You’re probably not ready to pack up your entire life and move to another city just because it’s more walkable than your current area. However, if you’re on the lookout for opportunities to move to a different climate, make an improvement in your career, or get a change of scenery, then you might want to focus your research on some of these walkable and bikeable cities.
Why Ditch Your Wheels?
If you play your cards right, you might save money while getting a better standard of living. Without a car, you can subtract that major line item from budget and use the money for funding various other expenditures. For example, you could subsidize a higher cost of living in a place like New York City, or else give yourself a bigger party budget in a more affordable metropolis, such as Chicago.
Made in America
We excluded cities in Europe and Asia, such as Copenhagen, Paris, Tokyo, and London — but feel free to dream about moving there too. We left these great candidates out because the USA is the country of the automobile, and many other countries in the world that don’t share this vehicular passion boast major cities that are, on average, a lot easier to navigate on foot, on a bike, or on public transportation.
An Unlikely Candidate
If you know anything about the sprawling west-coast city, you probably know that Los Angeles has a lot of cars and a lot of traffic. In decades past, the city’s name was a byword for air pollution, with a massive amount of vehicles pumping out exhaust while they sat jammed onto the collosal superhighway system. More recently, the city has been building bicycle infrastructure. It’s also introducing some enhancements to public transportation.
A Dense Metropolis
Obviously, you can live without a car in New York City. In fact, it’s prohibitively expensive to own a car in the Big Apple. High gas prices, skyrocketing land prices that drive up parking rates, and the never-ending traffic in the busier areas all contribute to NYC’s love-hate relationship with taxis and the Metropolitan Transit Authority. Bike-share systems and bicycle lane conversions sweeten the deal for New Yorkers who go car-free.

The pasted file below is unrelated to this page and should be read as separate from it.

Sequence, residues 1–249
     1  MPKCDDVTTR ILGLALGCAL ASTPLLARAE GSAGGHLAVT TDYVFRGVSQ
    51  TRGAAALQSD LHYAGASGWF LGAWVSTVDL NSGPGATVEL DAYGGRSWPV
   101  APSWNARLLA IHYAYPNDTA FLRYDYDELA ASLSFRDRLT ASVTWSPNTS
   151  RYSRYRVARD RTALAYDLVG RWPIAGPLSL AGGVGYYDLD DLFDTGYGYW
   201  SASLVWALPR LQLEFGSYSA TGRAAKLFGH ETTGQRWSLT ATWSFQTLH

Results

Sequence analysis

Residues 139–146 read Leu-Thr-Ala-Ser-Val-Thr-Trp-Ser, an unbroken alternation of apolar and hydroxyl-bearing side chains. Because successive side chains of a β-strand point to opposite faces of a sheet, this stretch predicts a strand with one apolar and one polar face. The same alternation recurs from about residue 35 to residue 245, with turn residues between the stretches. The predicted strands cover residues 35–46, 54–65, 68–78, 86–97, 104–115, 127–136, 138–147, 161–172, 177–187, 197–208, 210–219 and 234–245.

Many other dense cities in the United States are also easy to navigate without a car, and the Windy City certainly qualifies. The Chicago Transit Autority serves every corner of the city with busses and the L. Metra trains and Pace buses take care of the suburbs, all the way out to Wisconsin and Indiana. Even people who live in fairly distant suburbs tend to go with mass transit for their daily commutes.
A Country of Cyclists?
As you’ve probably noticed, biking is a growing trend across the USA. In Chicago, for example, the city has been building new bike lanes all across the central area in the past few years, as well as rolling out a bike-share program.
A great street bike costs more money than you might expect, but you have options if you’re a little strapped for cash at the moment. There are plenty of places that offer a good amount of cash for cars in Chicago. If you’re in a major city with expanding bike accessibility and you’re considering ditching your automotive option, then you might be able to subsidize that fancy street bike with the money you get from your clunker.